Our modern diet allows for plenty of vitamin C, but this wasn’t always the case. The Royal British Navy discovered that in the 16th century, when it lost millions of sailors, that a lack of vitamin C can result in scurvy. Though vitamin C wouldn’t be discovered until the 20th century, naval doctors only knew that daily rations of lemon or lime juice helped to curb scurvy symptoms.
Along with the citrus rations, sailors also received rations of rum or gin, which eventually were combined to form the foundation of two storied cocktails, the daiquiri and the gimlet.
A true gimlet actually uses only two ingredients: gin and lime cordial (lime juice and sugar). Though many prefer vodka, gin is the original spirit of this quaff. Specifically, the lime cordial most used is the familiar bottle of Rose’s Lime Juice Cordial. However, modern bartenders eschew the corn syrup-infused Rose’s, and combine simple syrup and fresh lime juice (which I prefer).
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In addition to its medical benefits, it also happens to be a tasty cocktail. The sweet/sour contrast is similar to a daiquiri or a margarita. Not much of a surprise since the recipes for all three are essentially the same, save for the spirit. This is also a super easy recipe to make in large batches. I suggest always keeping some simple syrup in your fridge (one part water to one part sugar). It’s a convenient way to sweeten your morning coffee or tea, a mid-day pitcher of iced tea, or a midday pitcher of gimlets (or after 5; whichever works).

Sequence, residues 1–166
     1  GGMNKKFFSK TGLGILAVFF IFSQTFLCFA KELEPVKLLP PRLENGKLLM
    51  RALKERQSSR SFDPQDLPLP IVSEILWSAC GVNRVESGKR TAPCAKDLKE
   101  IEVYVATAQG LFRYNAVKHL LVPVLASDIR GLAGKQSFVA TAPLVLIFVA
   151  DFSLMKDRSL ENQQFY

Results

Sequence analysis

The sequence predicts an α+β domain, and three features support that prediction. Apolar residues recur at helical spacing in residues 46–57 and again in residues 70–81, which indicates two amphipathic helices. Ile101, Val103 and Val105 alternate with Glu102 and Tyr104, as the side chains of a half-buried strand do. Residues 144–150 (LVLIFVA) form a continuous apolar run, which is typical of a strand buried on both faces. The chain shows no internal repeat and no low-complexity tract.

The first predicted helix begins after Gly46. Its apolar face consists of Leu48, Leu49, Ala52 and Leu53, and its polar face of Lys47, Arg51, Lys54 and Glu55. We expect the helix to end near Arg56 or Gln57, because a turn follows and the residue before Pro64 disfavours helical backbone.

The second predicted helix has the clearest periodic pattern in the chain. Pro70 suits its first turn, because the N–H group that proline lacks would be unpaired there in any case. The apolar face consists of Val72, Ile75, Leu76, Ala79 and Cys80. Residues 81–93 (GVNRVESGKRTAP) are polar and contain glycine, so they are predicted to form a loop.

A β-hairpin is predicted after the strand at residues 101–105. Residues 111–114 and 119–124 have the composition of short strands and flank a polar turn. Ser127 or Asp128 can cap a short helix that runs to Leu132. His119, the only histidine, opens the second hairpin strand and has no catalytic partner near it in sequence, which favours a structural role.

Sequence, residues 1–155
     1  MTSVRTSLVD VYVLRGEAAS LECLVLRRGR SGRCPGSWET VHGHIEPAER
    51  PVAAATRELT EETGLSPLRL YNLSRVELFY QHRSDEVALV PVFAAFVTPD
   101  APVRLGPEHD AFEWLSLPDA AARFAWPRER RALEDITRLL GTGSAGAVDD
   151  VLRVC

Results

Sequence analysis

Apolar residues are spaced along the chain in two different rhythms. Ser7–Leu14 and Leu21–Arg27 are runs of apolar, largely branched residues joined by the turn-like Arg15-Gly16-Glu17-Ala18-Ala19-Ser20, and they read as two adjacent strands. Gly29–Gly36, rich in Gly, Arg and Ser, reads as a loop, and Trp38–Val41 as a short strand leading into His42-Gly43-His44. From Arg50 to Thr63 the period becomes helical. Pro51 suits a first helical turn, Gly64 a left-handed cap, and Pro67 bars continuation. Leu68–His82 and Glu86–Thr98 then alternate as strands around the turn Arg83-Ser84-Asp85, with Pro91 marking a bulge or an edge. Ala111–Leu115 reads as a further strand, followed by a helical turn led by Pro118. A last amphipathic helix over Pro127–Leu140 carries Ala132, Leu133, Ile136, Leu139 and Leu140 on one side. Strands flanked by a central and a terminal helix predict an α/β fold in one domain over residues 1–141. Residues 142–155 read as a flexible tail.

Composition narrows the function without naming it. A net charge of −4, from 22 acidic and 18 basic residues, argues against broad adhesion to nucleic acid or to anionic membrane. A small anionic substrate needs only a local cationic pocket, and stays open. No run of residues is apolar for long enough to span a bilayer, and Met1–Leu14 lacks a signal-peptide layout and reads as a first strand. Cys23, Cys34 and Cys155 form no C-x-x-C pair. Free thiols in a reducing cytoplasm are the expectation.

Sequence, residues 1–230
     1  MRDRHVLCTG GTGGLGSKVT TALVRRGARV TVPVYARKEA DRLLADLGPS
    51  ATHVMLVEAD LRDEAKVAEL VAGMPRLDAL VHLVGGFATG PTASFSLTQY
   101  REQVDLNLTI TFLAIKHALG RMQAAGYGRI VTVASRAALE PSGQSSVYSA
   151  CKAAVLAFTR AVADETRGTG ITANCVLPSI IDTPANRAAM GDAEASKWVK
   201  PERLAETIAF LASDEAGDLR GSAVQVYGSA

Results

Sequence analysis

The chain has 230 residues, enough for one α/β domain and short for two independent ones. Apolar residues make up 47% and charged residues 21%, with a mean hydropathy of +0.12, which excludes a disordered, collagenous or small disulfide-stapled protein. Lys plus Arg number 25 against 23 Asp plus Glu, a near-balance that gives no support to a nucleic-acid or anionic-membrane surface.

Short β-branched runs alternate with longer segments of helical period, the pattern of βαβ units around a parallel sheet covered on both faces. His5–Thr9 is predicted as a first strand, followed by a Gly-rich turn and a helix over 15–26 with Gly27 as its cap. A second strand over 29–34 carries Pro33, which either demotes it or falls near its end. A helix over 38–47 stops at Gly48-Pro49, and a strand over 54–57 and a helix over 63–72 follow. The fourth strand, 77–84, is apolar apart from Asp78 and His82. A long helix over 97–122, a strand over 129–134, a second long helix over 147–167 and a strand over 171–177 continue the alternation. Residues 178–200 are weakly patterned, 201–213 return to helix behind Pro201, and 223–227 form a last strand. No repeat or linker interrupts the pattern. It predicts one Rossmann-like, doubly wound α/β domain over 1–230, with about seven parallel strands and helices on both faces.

I recently added another element to the game after whipping up a batch of rosemary simple syrup (recipe follows), which lends a woody savory character to this summer refresher. Basil simple would also be nice.
If you currently suffer from scurvy, I would prescribe 100 milliliters, stat. If you don’t, what better way to keep the doctor away? Not to mention, it tastes slightly better than a vitamin C pill.
2 ounces quality London dry gin (you can’t go wrong with Plymouth)
1/2 ounce simple syrup
1/2 ounce fresh lime juice
Combine all ingredients into a cocktail shaker, add ice and shake vigorously for 15 seconds. Strain into a coupe glass. Enjoy, repeat. This is also enjoyable over crushed ice in an old fashioned glass.
Rosemary simple syrup
1 cup sugar
1 cup water
3 sprigs rosemary
Combine sugar and water in a saucepan and bring to just under a boil, then turn off. Toss in rosemary, stir and let cool to room temperature. Strain out rosemary and place in a glass container. Refrigerate.